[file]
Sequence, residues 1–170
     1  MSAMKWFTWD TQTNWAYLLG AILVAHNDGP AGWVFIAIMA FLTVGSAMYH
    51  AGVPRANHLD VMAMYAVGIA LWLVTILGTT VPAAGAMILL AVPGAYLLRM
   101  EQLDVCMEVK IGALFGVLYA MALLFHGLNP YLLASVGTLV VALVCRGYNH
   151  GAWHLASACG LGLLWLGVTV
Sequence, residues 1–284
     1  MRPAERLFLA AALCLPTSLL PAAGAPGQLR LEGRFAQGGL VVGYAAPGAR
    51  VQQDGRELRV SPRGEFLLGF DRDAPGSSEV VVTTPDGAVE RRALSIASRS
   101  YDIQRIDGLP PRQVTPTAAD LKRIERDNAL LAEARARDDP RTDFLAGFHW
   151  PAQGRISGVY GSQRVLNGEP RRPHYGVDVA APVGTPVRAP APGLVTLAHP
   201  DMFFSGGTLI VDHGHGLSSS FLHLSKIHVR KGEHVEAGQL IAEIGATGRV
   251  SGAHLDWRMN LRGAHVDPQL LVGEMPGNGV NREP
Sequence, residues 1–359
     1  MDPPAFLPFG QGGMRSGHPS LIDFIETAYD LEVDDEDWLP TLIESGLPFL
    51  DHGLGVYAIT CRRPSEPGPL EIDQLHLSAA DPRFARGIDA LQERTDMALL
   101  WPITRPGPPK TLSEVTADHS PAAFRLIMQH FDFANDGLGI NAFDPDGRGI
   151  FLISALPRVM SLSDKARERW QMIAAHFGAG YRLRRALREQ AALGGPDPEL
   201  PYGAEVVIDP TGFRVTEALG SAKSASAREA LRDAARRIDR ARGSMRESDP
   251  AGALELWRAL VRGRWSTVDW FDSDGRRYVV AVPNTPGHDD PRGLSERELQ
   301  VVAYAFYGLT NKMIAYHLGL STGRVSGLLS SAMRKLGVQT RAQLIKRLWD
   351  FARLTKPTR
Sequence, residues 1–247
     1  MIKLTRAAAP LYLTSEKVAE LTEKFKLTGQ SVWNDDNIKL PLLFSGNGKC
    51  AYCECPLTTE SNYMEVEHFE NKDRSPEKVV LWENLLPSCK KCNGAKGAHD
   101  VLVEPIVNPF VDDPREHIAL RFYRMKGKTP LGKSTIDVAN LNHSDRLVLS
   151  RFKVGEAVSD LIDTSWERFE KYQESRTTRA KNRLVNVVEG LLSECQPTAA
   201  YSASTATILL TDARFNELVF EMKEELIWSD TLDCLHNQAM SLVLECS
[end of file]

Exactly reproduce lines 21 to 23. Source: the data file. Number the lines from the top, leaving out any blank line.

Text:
   351  FARLTKPTR
Sequence, residues 1–247
     1  MIKLTRAAAP LYLTSEKVAE LTEKFKLTGQ SVWNDDNIKL PLLFSGNGKC